antiTree | posts and projects
posted on Jul 29, 2017

Continuation from previous posts: 1 and 2

Website Fingerprinting Defenses at the Application Layer

I like research projects on subjects that I feel have no hope. So here’s hoping for hope! This research is attempting to specifically defend onion services from being fingerprinted. The most common attack scenario is when an adversary is able to inspect the traffic between the tor client and the network and correlate the amount of traffic sent, to the size of known onion services. I believe this is a very accurate method of identifying the web pages an anonymous user visits.

The defense presented in this research is to make it more difficult to correlate the transfer size to the intended web page using various methods.

  • Padding the web server response objects by adding random bytes to a PNG or inserting comments into CSS and HTML.
  • Pad the server response to make it match the size of a response of another onion service thereby creating false positives.

Right now there are PoC’s in the Github project below that have scripts to do a lot of this padding. It sounds like the Tor Project has accepted that padding is a necessary evil even with the cost to latency and bandwidth. In this case, implementing some of these methods will increase latency by 50% and decrease available bandwidth by 85%. But the results in the paper show that doing so reduces the accuracy of an attack from 69.6% to 10%.

You can also check out one of the co-author’s other papers called Bayes, not Naive: Security Bounds on Website Fingerprinting Defense which goes more into fingerprinting attack and defense metrics.

Link to Github Project

Link to Full Paper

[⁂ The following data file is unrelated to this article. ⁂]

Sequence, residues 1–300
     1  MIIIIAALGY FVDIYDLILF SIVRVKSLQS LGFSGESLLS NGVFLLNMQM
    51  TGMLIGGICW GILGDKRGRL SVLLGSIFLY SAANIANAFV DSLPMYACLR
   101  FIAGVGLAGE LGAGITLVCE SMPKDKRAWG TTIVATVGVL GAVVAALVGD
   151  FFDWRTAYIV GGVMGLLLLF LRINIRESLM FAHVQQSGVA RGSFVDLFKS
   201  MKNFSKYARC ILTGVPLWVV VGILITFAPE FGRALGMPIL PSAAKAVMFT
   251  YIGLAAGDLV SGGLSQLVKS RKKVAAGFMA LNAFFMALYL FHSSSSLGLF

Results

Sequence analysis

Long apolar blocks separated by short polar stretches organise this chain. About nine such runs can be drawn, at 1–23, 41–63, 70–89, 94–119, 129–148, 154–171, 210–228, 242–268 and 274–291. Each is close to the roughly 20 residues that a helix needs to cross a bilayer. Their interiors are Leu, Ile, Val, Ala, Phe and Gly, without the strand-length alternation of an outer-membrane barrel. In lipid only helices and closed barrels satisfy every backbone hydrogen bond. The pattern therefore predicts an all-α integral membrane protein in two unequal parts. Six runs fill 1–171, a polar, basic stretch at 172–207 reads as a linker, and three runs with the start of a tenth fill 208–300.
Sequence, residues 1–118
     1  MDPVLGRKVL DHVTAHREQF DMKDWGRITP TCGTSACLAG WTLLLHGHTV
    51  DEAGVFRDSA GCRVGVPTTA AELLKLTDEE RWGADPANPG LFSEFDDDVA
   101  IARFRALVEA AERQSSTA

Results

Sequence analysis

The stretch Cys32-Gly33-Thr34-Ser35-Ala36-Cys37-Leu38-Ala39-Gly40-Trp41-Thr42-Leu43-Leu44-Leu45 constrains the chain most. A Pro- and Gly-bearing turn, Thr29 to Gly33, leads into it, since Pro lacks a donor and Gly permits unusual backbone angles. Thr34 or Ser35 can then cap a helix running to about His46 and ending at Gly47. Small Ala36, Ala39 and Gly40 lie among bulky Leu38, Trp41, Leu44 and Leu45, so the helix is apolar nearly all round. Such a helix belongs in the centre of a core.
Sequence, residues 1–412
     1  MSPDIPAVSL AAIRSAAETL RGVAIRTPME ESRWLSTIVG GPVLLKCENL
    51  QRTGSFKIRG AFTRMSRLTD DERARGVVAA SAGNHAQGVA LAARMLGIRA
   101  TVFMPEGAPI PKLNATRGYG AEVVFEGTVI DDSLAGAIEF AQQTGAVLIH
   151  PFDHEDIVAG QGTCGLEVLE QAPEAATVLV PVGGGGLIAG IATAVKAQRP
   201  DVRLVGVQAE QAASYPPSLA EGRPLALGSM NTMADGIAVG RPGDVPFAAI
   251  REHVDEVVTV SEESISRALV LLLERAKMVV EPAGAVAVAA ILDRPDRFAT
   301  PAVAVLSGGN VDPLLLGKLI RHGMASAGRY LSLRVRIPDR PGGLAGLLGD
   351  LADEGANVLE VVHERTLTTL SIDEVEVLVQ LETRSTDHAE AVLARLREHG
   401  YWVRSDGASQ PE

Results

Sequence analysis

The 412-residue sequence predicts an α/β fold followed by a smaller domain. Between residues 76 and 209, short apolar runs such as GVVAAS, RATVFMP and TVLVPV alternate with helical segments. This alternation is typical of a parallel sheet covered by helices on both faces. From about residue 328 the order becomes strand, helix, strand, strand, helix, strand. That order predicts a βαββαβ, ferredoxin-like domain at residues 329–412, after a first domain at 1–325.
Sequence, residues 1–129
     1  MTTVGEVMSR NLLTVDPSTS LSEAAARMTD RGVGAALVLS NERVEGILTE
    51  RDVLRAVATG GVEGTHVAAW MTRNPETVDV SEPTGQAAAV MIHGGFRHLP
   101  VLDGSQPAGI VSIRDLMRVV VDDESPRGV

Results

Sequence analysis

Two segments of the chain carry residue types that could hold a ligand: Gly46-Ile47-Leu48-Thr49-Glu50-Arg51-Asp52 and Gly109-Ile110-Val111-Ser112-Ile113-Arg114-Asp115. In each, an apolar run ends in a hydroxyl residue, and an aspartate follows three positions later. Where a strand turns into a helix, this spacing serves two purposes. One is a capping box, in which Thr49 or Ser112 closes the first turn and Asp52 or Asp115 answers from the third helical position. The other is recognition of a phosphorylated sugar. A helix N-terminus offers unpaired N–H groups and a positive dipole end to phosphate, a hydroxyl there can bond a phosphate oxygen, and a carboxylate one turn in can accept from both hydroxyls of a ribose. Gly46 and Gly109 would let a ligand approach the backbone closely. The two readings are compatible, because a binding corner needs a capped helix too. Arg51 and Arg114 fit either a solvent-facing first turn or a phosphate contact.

Fingerprinting Keywords in Search Queries over Tor

Just when you thought website fingerprint was bad, this research goes into fingerprinting specific keywords that you search for across Google, Bing, or DuckDuckGo. They call it Keyword Fingerprint (KF) and they seem to be applying some of the same machine learning methods used for website traffic correlation and use it specifically for search engines. And just like the other attack, this attack needs a set of keywords you’ve already learned against to try to fingerprint you. You can’t, however, identify some random search string, it has to be a value in the original data set.

Nick Matthewson noted that there were some new interesting features used as classifiers: cumulative sizes of TLS records, number of tor cells, and total packet stats.

Funny how one of the datasets of keywords used for their supervised learning system was the Google Blacklisted Keywords List from

The bad of it: This is shockingly accurate in the right conditions. The paper outlines different learning methods and which ones are the most effective.

The good: Performing this analysis on real world traffic makes things less accurate. Also active defenses like padding were discussed in the paper and seem to offer a decent mitigation. Plus, like I mentioned, it has to be training on a specific site with specific words making this difficult to scale. Cool stuff none the less.

Link to Full Paper